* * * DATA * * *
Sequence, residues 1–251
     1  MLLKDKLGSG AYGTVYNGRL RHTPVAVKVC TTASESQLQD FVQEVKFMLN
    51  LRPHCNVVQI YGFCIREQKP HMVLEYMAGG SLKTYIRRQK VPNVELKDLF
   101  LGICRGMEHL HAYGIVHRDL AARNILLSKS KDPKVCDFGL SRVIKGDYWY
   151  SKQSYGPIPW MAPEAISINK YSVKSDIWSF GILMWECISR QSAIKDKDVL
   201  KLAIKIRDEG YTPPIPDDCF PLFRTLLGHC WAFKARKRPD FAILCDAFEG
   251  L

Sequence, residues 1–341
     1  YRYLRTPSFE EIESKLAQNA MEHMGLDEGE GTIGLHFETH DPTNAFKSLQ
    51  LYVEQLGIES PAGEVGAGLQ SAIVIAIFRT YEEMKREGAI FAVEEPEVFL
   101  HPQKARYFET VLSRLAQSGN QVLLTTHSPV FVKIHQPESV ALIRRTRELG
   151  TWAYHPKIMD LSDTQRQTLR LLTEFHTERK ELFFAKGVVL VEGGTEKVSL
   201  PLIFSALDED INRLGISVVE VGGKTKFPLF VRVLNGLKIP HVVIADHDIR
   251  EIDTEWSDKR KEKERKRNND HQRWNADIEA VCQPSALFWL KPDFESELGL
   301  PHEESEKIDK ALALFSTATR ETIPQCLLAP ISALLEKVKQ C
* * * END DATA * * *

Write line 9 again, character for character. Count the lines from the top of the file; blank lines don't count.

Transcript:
     1  YRYLRTPSFE EIESKLAQNA MEHMGLDEGE GTIGLHFETH DPTNAFKSLQ